1. Get a decent phone and pay the service charge.
2. Get a “Simple Feature Phone” (see more below) to avoid the charge.
3. When your contract is up, leave for another provider.
4. Leave now and pay the early termination fee for ending the contract ahead of schedule.
If you have only recently upgraded your plan and you were not already affected by this change, then you should be good until your contract is up, or your phone breaks. As it turns out, VZW will also be forcing this charge if you
However, if you choose to downgrade to a “Simple Feature Phone” to avoid the charge, you are soon to be discouraged. There are only 3 (of 16) phones listed at the time this was written that have a QWERTY keyboard. There are only 5 phones listed that have a 2.0 megapixel camera; none have anything higher, while many have none. Only 1 has a user rating higher than 4/5. Of course, none have a touch screen. Some of these little additions are not for everyone, and the SFP categorization is actually fairly accurate. But that’s what you get if you don’t want to pay the charge.
If you do want something a little more snazzy, pony up. You want a decently rated QWERTY phone or anything else listed above? You’re going to have to pay for it, but you will do so indirectly. You will not be paying for the extra features that you are looking for with the $9.99 charge (you will be paying for it with an increased phone price, but that is what is expected). Instead, you will be paying a fee for a data plan, that has nothing to do with a touch screen, QWERTY keyboard and the like. It is for browsing the web and retrieving and sending email. Verizon has taken the stance that if you want to do that, then pay for it, if you don’t want to do that, they pay for it.
There have been a few disgruntled customers out on the web who have wonderfully analogized this situation as follows: This situation is the same as if your cable company charged you for HBO, because it was a feature available through the cable system, even if you never watched it, and told them you never wanted to watch it. Just because the availability is there does not mean every customer wants or is going to use it.
From Verizon’s community message boards, many unhappy customers are reporting that they are sending letters to VZW Execs, and getting responses. In most cases, it seems the response is empty, but it is something. I have actually considered this myself, and if that happens, I will be posting the letter and any responses that come. If not, I’ll still be updating the blog with any new news about it. Why? Because when I search for anything related to this issue, I have trouble finding much of anything in the way of public exposure. Most of the search results are either simple press-release-type descriptions of Verizon’s new business plan, or else message boards with angry customers.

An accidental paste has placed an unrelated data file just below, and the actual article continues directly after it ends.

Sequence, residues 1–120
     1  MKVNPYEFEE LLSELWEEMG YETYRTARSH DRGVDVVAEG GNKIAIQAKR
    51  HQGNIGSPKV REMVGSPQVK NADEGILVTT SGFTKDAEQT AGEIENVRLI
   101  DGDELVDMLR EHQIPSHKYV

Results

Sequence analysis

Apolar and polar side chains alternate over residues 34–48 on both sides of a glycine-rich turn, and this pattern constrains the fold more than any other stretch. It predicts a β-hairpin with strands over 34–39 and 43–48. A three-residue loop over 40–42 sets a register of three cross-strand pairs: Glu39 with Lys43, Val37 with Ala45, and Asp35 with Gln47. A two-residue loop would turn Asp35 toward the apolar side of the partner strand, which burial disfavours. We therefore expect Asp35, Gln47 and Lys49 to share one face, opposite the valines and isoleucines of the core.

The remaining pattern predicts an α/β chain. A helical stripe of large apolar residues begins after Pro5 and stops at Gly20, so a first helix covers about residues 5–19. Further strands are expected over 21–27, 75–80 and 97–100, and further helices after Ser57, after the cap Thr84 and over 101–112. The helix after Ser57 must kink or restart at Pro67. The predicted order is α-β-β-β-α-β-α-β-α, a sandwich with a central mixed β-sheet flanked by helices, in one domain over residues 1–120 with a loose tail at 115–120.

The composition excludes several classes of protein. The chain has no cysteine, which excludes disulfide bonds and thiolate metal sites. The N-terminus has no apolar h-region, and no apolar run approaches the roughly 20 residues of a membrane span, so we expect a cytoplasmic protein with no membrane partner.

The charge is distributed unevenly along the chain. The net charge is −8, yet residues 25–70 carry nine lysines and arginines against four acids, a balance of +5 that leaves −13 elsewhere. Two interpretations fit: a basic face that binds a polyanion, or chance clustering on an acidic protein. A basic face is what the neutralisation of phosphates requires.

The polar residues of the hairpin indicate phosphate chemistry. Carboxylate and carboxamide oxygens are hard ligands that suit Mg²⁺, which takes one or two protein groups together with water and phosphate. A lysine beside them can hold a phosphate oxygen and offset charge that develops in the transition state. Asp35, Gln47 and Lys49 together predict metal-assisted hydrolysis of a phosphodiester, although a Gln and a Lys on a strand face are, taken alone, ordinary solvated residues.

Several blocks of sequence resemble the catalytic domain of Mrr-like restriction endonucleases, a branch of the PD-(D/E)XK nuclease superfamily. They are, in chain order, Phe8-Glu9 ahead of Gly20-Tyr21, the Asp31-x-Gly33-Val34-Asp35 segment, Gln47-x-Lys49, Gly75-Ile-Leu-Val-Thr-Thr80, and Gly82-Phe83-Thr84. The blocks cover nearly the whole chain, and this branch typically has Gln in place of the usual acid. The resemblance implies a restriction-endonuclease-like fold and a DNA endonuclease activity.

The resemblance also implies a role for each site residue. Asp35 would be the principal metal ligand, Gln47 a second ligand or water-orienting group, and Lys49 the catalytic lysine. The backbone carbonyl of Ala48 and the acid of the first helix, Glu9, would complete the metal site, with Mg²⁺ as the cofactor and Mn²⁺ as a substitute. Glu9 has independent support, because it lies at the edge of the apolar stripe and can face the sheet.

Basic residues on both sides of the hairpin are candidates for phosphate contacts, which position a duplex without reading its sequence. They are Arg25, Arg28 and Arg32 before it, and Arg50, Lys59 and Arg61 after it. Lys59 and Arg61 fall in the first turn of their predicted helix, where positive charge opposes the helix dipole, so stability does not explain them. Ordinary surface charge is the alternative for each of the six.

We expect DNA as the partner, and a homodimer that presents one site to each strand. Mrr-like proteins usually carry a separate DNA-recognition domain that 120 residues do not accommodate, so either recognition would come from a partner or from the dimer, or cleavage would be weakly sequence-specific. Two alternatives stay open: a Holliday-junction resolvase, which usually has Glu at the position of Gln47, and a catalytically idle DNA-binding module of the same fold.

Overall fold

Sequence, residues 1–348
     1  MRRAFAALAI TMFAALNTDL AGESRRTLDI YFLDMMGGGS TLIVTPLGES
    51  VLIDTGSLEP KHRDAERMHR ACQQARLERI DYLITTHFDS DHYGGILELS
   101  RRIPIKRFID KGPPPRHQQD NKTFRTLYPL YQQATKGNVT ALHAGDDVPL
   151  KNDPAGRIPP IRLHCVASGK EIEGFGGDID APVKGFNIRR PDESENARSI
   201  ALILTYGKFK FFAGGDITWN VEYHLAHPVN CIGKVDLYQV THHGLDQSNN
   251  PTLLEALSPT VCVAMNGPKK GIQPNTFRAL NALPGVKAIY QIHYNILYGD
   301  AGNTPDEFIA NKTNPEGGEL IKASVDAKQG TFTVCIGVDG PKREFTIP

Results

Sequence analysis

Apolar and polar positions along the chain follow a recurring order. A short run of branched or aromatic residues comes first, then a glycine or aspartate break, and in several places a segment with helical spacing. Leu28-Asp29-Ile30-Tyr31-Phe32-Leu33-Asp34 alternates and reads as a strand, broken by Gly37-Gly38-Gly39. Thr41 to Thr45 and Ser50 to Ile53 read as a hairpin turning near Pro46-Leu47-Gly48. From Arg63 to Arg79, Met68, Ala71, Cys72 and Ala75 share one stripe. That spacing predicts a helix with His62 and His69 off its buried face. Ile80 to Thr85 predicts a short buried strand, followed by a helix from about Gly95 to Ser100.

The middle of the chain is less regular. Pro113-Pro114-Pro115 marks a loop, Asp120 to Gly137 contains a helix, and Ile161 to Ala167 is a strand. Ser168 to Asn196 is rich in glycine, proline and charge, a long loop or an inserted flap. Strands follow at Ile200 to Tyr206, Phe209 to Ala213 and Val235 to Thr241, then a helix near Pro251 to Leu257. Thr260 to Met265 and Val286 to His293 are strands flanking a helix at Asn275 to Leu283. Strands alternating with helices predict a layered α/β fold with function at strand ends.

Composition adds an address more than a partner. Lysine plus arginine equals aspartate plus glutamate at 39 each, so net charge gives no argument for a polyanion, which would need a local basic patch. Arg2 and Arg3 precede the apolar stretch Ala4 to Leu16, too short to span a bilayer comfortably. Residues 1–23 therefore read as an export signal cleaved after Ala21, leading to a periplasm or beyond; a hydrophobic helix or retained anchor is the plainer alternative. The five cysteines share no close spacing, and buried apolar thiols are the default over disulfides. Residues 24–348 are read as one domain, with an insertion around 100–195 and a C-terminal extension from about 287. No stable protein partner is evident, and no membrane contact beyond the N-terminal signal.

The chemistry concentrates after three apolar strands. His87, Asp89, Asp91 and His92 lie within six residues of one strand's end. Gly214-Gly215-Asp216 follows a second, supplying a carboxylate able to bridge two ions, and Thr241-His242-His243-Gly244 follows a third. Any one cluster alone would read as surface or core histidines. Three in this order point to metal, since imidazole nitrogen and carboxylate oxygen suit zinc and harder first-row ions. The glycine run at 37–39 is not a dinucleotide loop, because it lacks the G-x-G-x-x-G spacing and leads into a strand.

Update from feedback:
A smart phone is designed to use the data package and paying for the data package makes perfect sense. When the Droid was released, it came with a required data package. That's fine, because that is a phone that people will buy for that reason; part of the draw to the Droid is that it is a super fancy phone that has advanced capabilities that most phones don’t have.
But I am not talking about those phones. I am talking about the phones that have a built-in capability to access the 3G network Verizon offers, but the functionality to do so is not the main drive behind the phone's particular design. Take the LG enV3, for example. It is NOT a smart phone, but it has a lot of nice features. Verizon will force the data plan for this phone. The problem with this is that on December 1st, anyone could have purchased this phone without the service charge. Assuming someone did just that, but today the phone broke and they have to go and buy a replacement. Now suddenly, even though the phone would be replaced with the same exact model, they have to pay the $9.99 service fee. Why, if they didn't have to before?